On a recent trip to visit family in Germany, we stopped in Madrid for short period of time after checking out Barcelona and before continuing on. Because of our flight times, we really only had one full day in Madrid — but that’s plenty of time to squeeze in some great highlights of this city.
Madrid is easy to navigate thanks to its Metro system (which, like most European public transit systems, makes the US seem woefully inadequate). If you are arriving by plane and planning on taking the Metro into the center, the ride will take about 50 minutes. Tourist tickets for the Metro are reasonably priced and also include the extra airport charge (similar to the Metro in Barcelona).
The Royal Palace
To visit the Royal Palace of Madrid, take the Metro and get off at the Opera Metro stop. When you first get off the metro you can get a glimpse of the Teatro Real that you will pass on your way to the palace. Like most other tourist attractions, it helps to order the tickets for the Royal Palace in advance and reserve a time slot for the early morning. This way, you can avoid the heaviest crowds and standing in the long ticket line — and will leave you with enough time to explore more of the city afterwards.
The Palace is the official residence of the Spanish Royal Family at the city of Madrid, although now only used for state ceremonies. It is the largest functioning Royal Palace and the largest by floor area in Europe. The Royal Family generally resides at the Palace of Zarzuela on the outskirts of Madrid.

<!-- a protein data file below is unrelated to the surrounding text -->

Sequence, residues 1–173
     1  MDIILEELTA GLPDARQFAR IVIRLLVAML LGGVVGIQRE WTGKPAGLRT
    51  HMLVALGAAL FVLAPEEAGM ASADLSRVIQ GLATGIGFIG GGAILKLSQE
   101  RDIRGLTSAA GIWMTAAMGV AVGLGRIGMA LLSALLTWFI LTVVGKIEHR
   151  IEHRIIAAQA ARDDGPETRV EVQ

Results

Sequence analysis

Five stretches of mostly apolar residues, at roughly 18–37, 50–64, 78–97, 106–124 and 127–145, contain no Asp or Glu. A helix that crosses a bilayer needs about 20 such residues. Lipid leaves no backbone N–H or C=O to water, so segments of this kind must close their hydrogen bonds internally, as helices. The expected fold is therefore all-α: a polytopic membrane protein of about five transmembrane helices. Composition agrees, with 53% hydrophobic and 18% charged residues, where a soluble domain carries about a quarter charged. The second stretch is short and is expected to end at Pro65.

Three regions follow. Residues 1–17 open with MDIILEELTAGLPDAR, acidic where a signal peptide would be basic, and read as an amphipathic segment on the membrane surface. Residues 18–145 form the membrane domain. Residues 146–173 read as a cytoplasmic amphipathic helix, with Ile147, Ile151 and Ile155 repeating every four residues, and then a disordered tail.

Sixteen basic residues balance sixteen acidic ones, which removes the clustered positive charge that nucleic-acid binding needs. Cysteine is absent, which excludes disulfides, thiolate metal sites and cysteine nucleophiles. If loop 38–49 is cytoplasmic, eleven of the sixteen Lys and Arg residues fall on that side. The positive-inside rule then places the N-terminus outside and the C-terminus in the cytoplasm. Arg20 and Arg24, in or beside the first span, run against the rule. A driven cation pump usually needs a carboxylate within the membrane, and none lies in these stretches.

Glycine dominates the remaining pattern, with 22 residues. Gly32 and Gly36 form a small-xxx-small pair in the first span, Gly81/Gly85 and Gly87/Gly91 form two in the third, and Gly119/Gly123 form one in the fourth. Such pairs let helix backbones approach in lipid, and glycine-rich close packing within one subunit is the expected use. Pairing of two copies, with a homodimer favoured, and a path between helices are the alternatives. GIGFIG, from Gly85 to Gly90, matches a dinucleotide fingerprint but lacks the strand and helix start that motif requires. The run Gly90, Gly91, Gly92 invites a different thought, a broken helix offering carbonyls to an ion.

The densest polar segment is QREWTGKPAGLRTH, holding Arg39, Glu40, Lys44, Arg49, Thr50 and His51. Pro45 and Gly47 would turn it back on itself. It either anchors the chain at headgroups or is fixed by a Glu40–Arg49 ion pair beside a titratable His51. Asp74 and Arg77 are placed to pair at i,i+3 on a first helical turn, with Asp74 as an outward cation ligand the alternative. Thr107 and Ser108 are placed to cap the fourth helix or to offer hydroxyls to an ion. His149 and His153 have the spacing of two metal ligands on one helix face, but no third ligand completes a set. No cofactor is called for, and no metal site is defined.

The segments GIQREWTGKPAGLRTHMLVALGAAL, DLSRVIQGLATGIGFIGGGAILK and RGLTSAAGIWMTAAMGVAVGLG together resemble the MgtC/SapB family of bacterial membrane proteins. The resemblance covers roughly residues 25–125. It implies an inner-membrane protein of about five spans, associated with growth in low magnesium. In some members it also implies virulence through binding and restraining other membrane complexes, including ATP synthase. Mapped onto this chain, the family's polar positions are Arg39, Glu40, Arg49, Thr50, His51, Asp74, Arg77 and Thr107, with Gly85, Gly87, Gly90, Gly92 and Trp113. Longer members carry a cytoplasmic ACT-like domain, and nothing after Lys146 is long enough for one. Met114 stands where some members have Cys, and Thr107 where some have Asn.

Before lining up to go through security to enter the Palace, make sure you are not missing the Catedral de la Almudena that sits right across from the Palace. The cathedral is also the seat of the Archbishop of Madrid.
Changing of the Guard
We often joke that if there’s a Changing of the Guard ceremony somewhere in a country we are visiting, Daniel will make sure we see it. Someday we should make a list of all the ceremonies we have seen. 🙂
If you want to check out the Changing of the Guard ceremony in Madrid, make sure to visit the Royal Palace on a Wednesday. The ceremony takes place every 30 minutes from 11 AM until 2 PM at the Puerta del Príncipe (Calle Bailén).
Madrid’s main square is Plaza Mayor, where cafes, restaurants, and shops line the arches of this grand square with Philip III’s statue in the center. This is a great place to take in the city and enjoy some people watching, if that’s your kind of thing. Right around the corner from Plaza Mayor is one of our favorite places, Madrid’s famous food market, San Miguel Market.
Here you can stop and indulge yourself in everything Iberian ham, from sandwiches to croquettes. It’s similar to the Mercado de la Boqueria in Barcelona, but with a lot more areas to hang out and eat. Here you will also find other food options such as baked goods, seafood, and sweets. A huge bonus is also that the San Miguel Market is air conditioned, so you can get out of the Madrid heat for a little bit.
El Retiro Park
Once you’re done at San Miguel Market, take the Metro to the Ibiza station and walk to El Retiro Park, a large 19th-century park with a boating lake, plus numerous fountains and statues. Within the park, you will also find the Palacio de Cristal, an 1887 glasshouse modeled on London’s Crystal Palace and housing contemporary art. The Palacio de Cristal is free to enter.
After visiting Palacio de Cristal, head a little further south to the Rose Garden of the El Retiro Park. The Rose Garden is especially worth visiting in May and June when the roses are in full bloom. Near the Rose Garden, you’ll also encounter the statue of the Fallen Angel, the only sculpture in the world dedicated to the devil which curiously enough sits 666m above sea level.
Obviously there is much more to see and do in Madrid than what we have listed here, but this was a great intro to the city. Have you ever visited? Let us know what we missed!
For ideas on what else to do while you’re in Spain, check out our post on avoiding the crowds in Barcelona.